Command Line: First tour

Our main goal is to set up everyone clients, and to get the main tools to work in the future sessions: ability to connect to the remote server, using screen to keep a living session on the remote server.

  • :!: Read carefully each paragraph before typing commands.
  • :!: Use the TAB completion. Always.
  • :!: Strictly follow the instructions using the suggeste filenames: creativity is not a positive quality for Bash beginners ;)

Follow instructors instructions to log in into your machine. Generally speaking you need to know:

  • The address of the remote machine (can be an IP like 44.20.200.12 or a string like server4 or nasa.org)
  • Your username
  • Your password

Review the page on remote access for further details.

By default, when you log into a remote machine, you'll find yourself welcomed in your home directory. This is a special location dedicated to you, where you can save some files. On a typical set up its path will be /home/username/, but on complex servers with many users this can vary widely. To check your location, use the pwd (print working directory) command:

pwd

Remember that the output will be the absolute path of your current location.

While it might sound strange to have identity problems at your young age ;), if you use multiple machines it could be that you have more usernames. So if you are unsure about who you are (i.e. what is your current active username):

whoami

What's in your current directory? Try the ls (list) command to see:

ls

We can also add a first switch to this command: to view more details use the -l (long) switch:

ls -l

Now that you tried the first commands, let's make a step back. The linux shell has a string to tell you it's ready to receive commands. The string is called shell prompt, and can be very minimal, like a simple $, or a more complex thing. As you can guess, it's something we can customize. Usually has a structure like:

telatin@gmh:~$

That is: username @ machine name : current directory $

The last character is conventionally a dollar sign ($) for regular users, and a sharp (#) for super-user (administrators). In Linux there is only one administrator called root, but some users could have the privilege to impersonate root from time to time.

Also note that the tilda (~) is a shortcut for your home directory.

Remember that you have to wait to see the shell prompt before issuing new commands. If you don't see it, maybe the previous command is stuck or simply still working.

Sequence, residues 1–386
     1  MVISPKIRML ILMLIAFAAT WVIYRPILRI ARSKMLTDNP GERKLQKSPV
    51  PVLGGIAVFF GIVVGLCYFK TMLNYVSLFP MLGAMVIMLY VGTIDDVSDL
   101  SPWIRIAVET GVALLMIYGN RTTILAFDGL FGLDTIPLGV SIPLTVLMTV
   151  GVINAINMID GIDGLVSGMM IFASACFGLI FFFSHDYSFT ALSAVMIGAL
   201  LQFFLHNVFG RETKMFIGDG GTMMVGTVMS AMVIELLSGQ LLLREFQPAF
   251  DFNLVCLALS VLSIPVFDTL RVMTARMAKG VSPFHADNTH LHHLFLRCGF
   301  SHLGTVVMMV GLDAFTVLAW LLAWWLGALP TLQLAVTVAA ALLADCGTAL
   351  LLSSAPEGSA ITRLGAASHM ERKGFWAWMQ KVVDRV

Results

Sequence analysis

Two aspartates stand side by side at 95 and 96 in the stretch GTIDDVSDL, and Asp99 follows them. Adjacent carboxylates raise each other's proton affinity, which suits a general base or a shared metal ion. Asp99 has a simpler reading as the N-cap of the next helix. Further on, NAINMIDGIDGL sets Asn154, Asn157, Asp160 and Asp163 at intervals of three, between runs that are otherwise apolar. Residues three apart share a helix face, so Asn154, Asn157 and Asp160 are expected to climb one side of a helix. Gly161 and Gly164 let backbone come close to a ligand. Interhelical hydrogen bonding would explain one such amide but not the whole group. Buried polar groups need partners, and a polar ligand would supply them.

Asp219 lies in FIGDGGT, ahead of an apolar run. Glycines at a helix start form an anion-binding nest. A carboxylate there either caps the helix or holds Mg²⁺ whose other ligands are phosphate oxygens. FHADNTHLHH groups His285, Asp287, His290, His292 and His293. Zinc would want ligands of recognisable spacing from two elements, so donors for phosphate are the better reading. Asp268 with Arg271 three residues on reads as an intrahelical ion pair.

Type the command:

weather.pl

Many programs will give you a short help message using the switches -h or –help. Try with one of these, then get the weather for Cambridge.

Before moving on with the workshop, we will start using a powerful program for a safer and better work on a remote server: screen.

Assuming you never used screen on the server, you can create a new session using the command:

screen -S course

More details on this: Using screen tutorial or view a video on this

Now try changing directory, that means setting a new working directory:

cd /tmp

Did it work? Test with pwd.

To return quickly to the home directory, you can use cd without specifying the destination path:

cd

Now we are back to our home directory. So we can create a new sub-directory called course:

mkdir course

More details on this, but we'll make more examples on Day2: Introduction to the filesystem

Bundled with your distribution there is a manual. It's useful to know that is there, but it's even more useful understanding how to use it as we'll see that another very handy shell command has the very same behaviour.

The manual command is man, followed by the command:

man ls

When launching the manual, you'll enter an interactive page. You can:

  • Scroll using the arrow keys, or “Page Up” and “Page down”, or the space bar to scroll down one page
  • g will go quickly to the beginning of the document, G to the end
  • / enable a serch inside the document: type “/”, a string and then ENTER
  • After a search n will jump to the next occurrence, N to the previous
  • Finally, q to quit

:!: Try this part yourself when you have five minutes spare.

To create or edit a text file directly from the shell, there is a small editor called nano. Its basic usage is

nano filename.txt

It works like any text editor, and at the bottom there is an array of shortcuts (^ means Ctrl). For example Ctrl+X to exit, or Ctrl+W to search for a word.

This small video shows how to use it: